Advisors Financial advisors credentials

Published on May 21st, 2013 | by Jack Waymire

Financial Advisor Credentials: Real or Fake?

A certification or designation is a credential that is supposed to mean a financial planner or financial advisor possesses specialized knowledge. The advisors spent hundreds of hours studying and successfully passed a real examination (proctored, classroom, timed). For example, a Certified Financial Planner™ (CFP®) is supposed to be a financial planning expert.

What is Alphabet Soup?

The media has called the credentials that appear after advisor names alphabet soup for three reasons:

  • Investors have no idea what the letters stand for
  • Investors have no idea how much work advisors have to complete to earn the credential
  • Investors have no idea if the knowledge benefits them

Dangerous Assumptions

Most investors assume the credentials are real or the advisors would not be allowed to use them. This is a bad assumption. There are no rules that regulate credential quality of disclosure. In fact, there is a good chance that advisors who have exceptional numbers of letters after their names are using a deceptive sales tactic. They hope investors will assume they are experts even though they did little or nothing to obtain the credentials. Seniors are particularly vulnerable to these assumptions. They have to be more careful than other investors because several fake credentials target them and their assets.

Why Deceive Investors?

High quality financial advisors do not need deceptive sales tactics. They have spent years acquiring legitimate credentials, experience, and specialized knowledge. However, low quality advisors have to compete with high quality advisors. Many of them are ethically challenged so buying fake credentials is not beneath them. In fact, they buy these credentials to deceive investors into believing they are more knowledgeable than they really are.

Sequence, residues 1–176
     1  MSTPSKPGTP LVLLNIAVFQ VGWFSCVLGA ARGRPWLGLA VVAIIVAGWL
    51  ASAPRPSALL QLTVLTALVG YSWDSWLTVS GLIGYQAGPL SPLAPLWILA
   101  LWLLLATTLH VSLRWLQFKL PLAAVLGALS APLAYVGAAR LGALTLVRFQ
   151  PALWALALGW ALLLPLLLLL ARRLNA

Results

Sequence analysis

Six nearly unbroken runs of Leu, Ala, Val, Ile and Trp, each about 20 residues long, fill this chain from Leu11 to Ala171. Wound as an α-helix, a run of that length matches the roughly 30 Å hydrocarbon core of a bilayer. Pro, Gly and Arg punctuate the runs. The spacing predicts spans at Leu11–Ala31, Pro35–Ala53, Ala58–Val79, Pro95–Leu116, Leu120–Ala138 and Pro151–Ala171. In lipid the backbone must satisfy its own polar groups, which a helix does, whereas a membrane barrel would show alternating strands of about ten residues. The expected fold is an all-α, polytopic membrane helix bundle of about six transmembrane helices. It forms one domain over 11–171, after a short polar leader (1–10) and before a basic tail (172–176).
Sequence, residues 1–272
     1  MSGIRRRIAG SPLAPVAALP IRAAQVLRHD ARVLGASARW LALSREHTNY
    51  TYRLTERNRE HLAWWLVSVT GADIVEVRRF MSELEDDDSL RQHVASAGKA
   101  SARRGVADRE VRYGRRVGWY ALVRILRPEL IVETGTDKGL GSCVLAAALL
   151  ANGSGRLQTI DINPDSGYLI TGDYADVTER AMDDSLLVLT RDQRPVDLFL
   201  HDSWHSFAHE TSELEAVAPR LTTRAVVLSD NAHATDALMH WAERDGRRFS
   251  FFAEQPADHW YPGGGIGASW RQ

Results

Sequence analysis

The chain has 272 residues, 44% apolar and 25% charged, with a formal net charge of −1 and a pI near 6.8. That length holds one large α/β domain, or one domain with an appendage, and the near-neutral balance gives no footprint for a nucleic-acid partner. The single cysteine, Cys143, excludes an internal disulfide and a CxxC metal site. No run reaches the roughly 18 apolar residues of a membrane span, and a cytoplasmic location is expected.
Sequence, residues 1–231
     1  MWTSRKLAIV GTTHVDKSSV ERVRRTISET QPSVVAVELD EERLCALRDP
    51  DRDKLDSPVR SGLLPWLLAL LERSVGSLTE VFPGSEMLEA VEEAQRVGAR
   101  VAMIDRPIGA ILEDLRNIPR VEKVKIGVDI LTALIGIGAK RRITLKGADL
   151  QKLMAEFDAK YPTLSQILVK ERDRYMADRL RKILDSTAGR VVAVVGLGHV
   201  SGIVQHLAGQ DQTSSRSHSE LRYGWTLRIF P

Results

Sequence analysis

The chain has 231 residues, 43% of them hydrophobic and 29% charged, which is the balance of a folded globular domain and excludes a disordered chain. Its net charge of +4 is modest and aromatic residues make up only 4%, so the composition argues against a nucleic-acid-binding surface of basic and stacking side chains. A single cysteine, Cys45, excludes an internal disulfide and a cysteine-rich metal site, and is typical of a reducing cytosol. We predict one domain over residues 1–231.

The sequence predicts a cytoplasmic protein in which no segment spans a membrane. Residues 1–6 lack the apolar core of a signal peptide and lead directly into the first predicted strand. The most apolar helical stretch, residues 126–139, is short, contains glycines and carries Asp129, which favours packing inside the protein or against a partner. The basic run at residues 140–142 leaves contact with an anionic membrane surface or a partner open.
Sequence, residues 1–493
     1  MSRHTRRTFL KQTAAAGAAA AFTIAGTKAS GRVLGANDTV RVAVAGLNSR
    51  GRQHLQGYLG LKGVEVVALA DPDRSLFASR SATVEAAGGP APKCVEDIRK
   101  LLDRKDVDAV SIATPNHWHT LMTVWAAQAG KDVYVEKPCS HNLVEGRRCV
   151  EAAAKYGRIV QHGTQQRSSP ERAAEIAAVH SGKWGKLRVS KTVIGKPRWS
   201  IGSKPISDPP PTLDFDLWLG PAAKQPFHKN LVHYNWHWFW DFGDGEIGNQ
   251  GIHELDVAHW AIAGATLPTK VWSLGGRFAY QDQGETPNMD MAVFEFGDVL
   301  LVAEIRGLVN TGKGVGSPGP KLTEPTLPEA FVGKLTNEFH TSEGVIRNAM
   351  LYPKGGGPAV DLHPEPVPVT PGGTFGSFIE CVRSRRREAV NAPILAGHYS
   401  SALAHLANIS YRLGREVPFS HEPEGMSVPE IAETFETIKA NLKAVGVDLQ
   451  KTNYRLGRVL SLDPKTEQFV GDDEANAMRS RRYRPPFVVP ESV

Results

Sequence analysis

Paladin Advisor Research

Paladin Advisor Research ( provides a free easy-to-use tool and database that helps investors identify advisors who use this deceptive sales tactic. You enter the certification in the Paladin search engine and view a one-page report that describes the credential. The Paladin Research service also produces a peer group quality rating that helps you compare different credentials to each other. There is a red flag rating for scams, a No Stars rating for discontinued credentials, and One to Five Stars for the remaining credentials.

What Should You Do? 

Fake credentials are a deceptive sales practice. Exclude any prospective financial advisor who uses this form of deception from your selection process. Immediately terminate a current advisor who used deception to gain control of your assets. Do you really believe you can trust these advisors to do what is best for you? Of course you cannot trust them. They put their financial interests ahead of yours when they decided to use deceptive sales tactics.

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About the Author

Jack worked in the financial services industry for 28 years. For 21 years he was the president and chief investment officer of a registered investment advisory firm with more than 50,000 clients. He left the industry in 2003 when his book (Who's Watching Your Money?) was published by John Wiley. That same year he launched an investor information website ( that was based on the principles in his book. Jack is a columnist for Worth magazine, a frequent blogger on major financial sites, and widely quoted in the media including the Wall Street Journal, Forbes, BusinessWeek, Bloomberg, and Kiplinger.

3 Responses to Financial Advisor Credentials: Real or Fake?

  1. Pingback: CFPB Wants Increased Scrutiny for Financial Advisor Designations–> | Blog

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